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How to deal with ink loss at the edges of self-adhesive material after die-cutting?

Die-cutting of self-adhesive materials is an important process in the production of self-adhesive labels. During the die-cutting process, we often encounter issues that result in a significant decrease in production efficiency and may even lead to the rejection of the entire batch of products, causing substantial losses to the company. In this session, we will explore how to address the problem of ink loss at the edges of labels after die-cutting.

Some labels are designed to be bleed-die-cut, which means that the die-cutting is done where there is ink printing. In such cases, it is common to experience ink loss at the cut edges of the labels. If bleed-die-cutting is performed on laminated products, there may also be instances where the film and ink come off together. There are two main factors that contribute to this phenomenon.

1. Insufficient ink adhesion.

Some inks may have quality issues or may not be compatible with the printing material, which can result in poor adhesion of the ink after printing. In such cases, if bleeding occurs after printing, the ink is more likely to come off from the die-cut edges.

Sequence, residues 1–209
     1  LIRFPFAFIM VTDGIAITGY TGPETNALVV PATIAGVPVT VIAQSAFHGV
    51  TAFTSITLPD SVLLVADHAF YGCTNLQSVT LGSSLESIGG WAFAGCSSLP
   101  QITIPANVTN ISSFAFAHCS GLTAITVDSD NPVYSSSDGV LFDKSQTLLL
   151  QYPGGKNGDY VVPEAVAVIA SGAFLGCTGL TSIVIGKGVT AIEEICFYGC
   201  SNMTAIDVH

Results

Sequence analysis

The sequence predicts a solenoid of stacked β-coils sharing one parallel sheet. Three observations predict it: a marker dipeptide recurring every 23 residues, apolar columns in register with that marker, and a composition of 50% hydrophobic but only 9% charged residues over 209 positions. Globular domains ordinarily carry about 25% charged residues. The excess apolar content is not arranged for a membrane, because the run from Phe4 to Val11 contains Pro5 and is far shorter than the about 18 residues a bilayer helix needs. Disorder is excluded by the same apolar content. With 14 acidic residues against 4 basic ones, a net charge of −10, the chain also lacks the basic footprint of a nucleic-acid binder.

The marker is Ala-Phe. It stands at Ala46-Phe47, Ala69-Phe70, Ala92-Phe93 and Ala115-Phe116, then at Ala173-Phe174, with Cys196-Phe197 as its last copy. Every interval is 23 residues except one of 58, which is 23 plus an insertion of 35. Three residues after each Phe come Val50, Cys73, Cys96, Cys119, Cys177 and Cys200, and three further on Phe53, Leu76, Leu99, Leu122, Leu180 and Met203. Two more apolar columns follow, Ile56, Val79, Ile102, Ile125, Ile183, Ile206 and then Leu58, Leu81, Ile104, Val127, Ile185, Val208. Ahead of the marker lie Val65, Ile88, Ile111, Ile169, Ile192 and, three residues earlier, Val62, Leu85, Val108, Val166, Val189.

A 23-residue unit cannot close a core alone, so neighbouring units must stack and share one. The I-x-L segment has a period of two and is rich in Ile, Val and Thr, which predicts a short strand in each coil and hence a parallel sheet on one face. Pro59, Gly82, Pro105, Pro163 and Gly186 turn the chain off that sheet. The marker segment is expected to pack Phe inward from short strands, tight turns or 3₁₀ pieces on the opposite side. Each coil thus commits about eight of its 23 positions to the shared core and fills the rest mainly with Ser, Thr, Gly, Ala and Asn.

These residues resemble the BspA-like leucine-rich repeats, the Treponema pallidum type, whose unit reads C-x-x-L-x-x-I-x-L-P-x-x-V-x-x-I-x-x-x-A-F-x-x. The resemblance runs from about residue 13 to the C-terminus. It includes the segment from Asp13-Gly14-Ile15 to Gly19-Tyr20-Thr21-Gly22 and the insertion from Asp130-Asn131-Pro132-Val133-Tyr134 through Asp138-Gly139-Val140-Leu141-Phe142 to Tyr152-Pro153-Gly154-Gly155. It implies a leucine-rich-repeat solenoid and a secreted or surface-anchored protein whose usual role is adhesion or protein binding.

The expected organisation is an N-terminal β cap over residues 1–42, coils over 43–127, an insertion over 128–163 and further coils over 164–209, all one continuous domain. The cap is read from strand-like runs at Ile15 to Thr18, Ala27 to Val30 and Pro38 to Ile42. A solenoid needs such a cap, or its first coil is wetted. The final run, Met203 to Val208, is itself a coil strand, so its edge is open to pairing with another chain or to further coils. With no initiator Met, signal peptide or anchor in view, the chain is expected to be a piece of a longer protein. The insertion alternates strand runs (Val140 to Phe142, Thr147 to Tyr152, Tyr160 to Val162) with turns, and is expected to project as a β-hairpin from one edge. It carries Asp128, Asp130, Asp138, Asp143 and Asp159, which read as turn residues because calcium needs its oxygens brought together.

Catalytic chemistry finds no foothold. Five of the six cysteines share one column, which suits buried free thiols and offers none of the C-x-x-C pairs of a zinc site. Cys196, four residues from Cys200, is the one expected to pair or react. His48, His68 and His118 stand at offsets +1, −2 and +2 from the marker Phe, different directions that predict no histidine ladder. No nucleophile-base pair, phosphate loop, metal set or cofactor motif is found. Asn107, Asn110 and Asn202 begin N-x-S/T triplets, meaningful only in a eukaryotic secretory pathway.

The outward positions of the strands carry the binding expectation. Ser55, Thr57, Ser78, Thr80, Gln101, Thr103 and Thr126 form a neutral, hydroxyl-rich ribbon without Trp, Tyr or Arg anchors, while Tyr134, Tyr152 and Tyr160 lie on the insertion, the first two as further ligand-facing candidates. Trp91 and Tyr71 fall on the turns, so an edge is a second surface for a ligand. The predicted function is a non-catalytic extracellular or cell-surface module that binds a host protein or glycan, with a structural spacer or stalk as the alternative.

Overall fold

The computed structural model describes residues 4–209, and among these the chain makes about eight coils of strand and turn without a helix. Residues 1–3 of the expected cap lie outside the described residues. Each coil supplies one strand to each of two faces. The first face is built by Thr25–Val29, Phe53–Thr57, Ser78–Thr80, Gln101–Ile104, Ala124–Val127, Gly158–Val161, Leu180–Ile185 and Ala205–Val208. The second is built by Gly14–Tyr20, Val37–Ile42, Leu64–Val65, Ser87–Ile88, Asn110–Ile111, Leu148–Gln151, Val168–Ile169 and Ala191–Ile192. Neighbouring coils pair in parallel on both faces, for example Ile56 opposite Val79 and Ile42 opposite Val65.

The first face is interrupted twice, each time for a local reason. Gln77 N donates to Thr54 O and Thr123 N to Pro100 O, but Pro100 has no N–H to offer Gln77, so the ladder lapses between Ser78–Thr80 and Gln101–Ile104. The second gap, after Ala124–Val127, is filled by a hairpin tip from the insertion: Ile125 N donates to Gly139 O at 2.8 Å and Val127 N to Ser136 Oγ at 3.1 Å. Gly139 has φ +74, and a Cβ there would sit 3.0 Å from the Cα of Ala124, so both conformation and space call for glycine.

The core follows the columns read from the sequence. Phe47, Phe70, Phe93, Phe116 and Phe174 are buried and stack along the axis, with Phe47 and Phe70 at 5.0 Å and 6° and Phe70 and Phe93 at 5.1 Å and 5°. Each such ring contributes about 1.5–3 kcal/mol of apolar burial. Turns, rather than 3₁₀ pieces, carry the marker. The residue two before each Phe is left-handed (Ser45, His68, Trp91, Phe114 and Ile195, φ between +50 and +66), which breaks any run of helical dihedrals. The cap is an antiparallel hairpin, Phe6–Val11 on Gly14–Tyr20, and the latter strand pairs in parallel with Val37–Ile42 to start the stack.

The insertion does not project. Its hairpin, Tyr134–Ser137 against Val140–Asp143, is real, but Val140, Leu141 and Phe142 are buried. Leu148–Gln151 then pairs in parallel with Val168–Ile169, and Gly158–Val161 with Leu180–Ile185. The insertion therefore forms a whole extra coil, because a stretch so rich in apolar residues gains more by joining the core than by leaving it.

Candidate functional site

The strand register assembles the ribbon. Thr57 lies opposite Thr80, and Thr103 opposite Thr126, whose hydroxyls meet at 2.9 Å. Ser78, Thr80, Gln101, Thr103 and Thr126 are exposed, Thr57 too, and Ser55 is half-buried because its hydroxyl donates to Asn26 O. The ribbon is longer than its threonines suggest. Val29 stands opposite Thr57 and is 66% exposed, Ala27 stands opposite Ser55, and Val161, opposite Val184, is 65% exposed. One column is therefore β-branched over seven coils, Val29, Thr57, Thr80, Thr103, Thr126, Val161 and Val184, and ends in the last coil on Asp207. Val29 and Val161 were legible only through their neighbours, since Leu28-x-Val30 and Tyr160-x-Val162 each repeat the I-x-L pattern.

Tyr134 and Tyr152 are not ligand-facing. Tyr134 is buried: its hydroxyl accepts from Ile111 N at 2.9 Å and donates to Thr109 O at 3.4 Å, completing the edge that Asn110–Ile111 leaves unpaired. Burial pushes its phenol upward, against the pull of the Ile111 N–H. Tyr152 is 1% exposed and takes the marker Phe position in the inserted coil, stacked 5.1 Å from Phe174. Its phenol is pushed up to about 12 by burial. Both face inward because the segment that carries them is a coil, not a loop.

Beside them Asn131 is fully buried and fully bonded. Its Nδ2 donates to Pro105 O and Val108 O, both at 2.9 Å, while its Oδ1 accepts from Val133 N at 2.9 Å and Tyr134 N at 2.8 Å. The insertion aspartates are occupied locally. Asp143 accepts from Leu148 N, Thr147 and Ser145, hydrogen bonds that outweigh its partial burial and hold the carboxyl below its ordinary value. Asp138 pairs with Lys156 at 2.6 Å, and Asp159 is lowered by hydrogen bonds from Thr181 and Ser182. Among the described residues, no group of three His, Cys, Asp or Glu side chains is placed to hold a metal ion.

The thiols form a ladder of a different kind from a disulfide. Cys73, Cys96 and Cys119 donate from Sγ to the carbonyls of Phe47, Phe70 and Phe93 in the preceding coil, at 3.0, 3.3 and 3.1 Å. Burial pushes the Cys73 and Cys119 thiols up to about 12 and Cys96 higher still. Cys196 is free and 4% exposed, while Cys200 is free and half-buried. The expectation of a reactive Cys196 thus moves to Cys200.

Therefore, it is recommended to test tape samples on the machine and proceed with mass production only if the test results meet the standards. If the ink adhesion is insufficient, replacing the ink can help resolve the issue.

2. Low surface energy of the material.

The surface adhesion of the printing material, also known as surface energy, is an important factor. Generally, to ensure ink adhesion to the material surface, the surface energy should not be lower than 38 dynes. If good ink adhesion is desired, the material surface should have a surface energy of at least 42 dynes; otherwise, ink loss issues may arise. Materials with surface energy lower than 38 dynes cannot firmly adhere to the ink after printing. In such cases, if bleeding occurs again, die-cutting can easily cause the ink to come off at the edge of the cut line.

In this situation, it is possible to replace the material. If the material cannot be replaced, another option is to try printing a primer on the material surface to increase its surface tension and ensure that the ink does not come off during label die-cutting.



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